The Café Colonial is painted in stark black and white, adorned by event posters, photos from local artists, pages from a punk coloring book completed by various visitors, and reflected forever by the mirrors at the bar. This weekend it was host to the Bat Guano Festival, a two-day punk extravaganza. The Café was lively and full of musicians and fans mixing at the bar and in the audience, wearing an almost overwhelming number of Misfits and The Ramones T-shirts. The second day saw a seven-band roster and a birthday bash for Ken Doose who hosted the festival. Here is a run down of the bands who played.
Shoujo Kitten– a young, rather cutesy punk band led by a tiny purple haired singer who played keytar and sang like a Valley girl. They were by far the shiniest band as all the string instruments were sparkly or reflective somehow. They played songs that seemed to somewhat anime themed, including a number about turning into a cat and another one about a little robot girl.
Pug Skullz– a harder, louder, grungier band led by two more mature rockers on guitar and bass respectively. Pug Skullz was rounded out by a younger drummer, who lost his shirt by the second song. The bassist had flying fingers, interesting take on a Mohawk, and enough tattoos to make up for the fact the rest of the band had none. The guitarist strummed so quickly his hands blurred and the colored lights caught and shivered in the long ends of his strings. They tackled issues like truth and religion with bare-boned barked out lyrics and relentless instrumentation.
Cadaver Dogs– recommended and danced to by Vanessa, a bartender at the Colonial. This band was hands down the best showmen of the line-up. The duo from Columbus, Ohio, made up of a drummer who was pretty in an almost feminine way, and a singer with a shaggy walrus mustache. The drummer spent most of the set in an ecstatic trance, drooling beer and spewing the foam into the air. The moment the singer set foot on the felt of the stage, he had the charisma of a back alley Satanic preacher, making love to the mike with burning eyes. Both were constantly in motion, dancing, running around, jumping, sticking drumsticks in strange places, and pushing their way into the audience. They were rhythmic and unlike many of the other bands, they had dips and changes in volume. “It’s called suspense, motherfucker,” said the singer, at one point when the instrumentation dipped down to just a pulsing bass line, played from a loop.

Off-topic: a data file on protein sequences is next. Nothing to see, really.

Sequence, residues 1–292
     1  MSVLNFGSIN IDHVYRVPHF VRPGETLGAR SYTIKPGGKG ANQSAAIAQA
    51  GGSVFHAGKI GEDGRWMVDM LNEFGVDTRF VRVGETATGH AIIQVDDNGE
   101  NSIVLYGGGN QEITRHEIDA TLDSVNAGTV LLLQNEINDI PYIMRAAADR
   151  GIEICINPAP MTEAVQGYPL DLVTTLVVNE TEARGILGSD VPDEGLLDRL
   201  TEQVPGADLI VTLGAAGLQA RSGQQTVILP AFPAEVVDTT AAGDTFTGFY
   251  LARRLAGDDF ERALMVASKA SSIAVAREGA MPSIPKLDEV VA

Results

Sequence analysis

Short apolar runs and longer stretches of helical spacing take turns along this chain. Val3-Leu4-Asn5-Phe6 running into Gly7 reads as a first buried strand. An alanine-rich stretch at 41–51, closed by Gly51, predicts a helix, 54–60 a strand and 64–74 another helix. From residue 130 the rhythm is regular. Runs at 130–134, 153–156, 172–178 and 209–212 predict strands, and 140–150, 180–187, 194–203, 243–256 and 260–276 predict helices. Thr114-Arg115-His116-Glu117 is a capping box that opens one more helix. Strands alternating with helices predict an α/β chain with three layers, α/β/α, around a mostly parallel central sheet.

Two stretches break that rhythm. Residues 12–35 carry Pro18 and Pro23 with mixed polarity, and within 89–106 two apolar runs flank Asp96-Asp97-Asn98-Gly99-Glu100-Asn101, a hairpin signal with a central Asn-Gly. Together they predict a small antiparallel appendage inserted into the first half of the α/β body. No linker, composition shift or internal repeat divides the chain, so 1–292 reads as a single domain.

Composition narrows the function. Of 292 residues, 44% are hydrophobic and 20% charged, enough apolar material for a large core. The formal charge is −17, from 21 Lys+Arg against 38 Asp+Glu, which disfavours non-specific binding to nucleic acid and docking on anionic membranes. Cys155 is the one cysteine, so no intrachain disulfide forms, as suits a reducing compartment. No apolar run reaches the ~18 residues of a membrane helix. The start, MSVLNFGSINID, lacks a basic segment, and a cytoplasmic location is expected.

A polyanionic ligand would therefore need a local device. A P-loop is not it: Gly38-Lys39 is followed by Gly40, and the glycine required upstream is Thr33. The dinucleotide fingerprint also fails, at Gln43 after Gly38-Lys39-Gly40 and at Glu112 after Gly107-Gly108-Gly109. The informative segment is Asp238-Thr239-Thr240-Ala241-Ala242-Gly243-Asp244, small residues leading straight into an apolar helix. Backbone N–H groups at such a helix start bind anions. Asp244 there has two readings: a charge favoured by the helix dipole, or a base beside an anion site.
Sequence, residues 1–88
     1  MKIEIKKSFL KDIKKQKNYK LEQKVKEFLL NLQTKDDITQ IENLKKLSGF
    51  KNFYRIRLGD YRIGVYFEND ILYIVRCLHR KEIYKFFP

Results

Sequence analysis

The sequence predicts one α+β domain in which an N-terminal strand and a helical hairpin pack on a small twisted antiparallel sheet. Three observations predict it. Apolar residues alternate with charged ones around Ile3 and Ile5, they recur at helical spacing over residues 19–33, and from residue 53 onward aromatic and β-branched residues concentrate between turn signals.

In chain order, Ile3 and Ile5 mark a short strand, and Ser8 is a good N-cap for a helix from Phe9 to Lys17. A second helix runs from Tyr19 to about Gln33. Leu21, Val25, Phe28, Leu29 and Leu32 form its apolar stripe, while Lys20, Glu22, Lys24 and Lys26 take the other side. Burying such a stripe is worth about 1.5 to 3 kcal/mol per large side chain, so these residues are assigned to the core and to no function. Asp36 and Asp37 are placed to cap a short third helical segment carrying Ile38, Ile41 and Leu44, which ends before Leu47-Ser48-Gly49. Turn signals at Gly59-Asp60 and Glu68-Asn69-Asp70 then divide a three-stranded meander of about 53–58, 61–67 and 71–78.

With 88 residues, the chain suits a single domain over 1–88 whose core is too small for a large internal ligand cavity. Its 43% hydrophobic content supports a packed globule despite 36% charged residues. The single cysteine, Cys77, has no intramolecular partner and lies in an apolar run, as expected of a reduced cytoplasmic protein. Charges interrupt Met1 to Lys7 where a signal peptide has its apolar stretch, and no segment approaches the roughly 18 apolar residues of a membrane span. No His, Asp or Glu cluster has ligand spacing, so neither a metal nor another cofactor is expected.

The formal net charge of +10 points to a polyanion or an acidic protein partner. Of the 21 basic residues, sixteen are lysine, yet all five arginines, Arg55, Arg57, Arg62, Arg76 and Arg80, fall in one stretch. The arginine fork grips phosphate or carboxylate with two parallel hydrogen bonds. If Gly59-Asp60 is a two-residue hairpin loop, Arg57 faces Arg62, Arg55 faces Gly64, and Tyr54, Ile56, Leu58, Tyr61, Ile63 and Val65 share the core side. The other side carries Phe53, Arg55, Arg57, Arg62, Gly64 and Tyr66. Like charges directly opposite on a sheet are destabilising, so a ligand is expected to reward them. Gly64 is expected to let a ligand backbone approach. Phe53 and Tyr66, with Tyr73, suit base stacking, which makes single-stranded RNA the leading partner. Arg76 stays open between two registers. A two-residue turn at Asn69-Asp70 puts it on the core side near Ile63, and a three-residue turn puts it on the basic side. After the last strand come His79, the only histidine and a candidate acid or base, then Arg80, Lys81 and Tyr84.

Sleep No More– a five guy band led by a singer in a bright yellow baseball cap who looked like he had skateboarded over from the nearest boardwalk. They played a short, frenetic set and joked about Fresno calling it “the end of the world”.
Julie the Bruce– a one-woman accordion act, Julie was a nice change up from the loudness of the other bands. Her rough brassy voice filled the room and accompanied the gypsy sound of the accordion perfectly. Standing on the felt laid out to delineate the stage, she managed to distract from the band setting up behind her, except when they were too loud, then she went up to the offending guys and played her accordion at them until they scampered out the back door. She played songs about fortunetellers, drinking, and zombies.
Support the Rabid– A quartet of guys who started their set with a song that sounded like My Chemical Romance’s ‘Vampires Will Never Hurt You,’ but wasn’t. Their guitarist had some pretty cool red strings and the singer apparently had a bad breakup because their second song was about ‘drinking vodka and dreaming about his ex being killed by a murderer’.
The Yoo Hoos– One of the most anticipated bands of the evening, this trio hailed from Germany but considered Sacramento to be their home and were quite sentimental about being back again. They were poppy, catchy and energetic. The singer did a lot of jumping around, and sang in gently accented English.
Charles Albright– this trio rounded out the night with a set that caused a brief mosh pit made up of two guys in Hawaiian shirts and five panel hats who left half way through, fingers in their ears. The band wasn’t bad, just very loud. And to the delight of all the rock geeks in the Colonial, their guitarist did a perfect rendition of Van Halen’s ‘Eruption,’ making both the club’s owner and our photographer very happy.
The festival was an intimate and high-energy experience. If you love punk and want to be at a show where you can buy a drink for the band that just played, Bat Guano Festival at the Café Colonial is the place to be.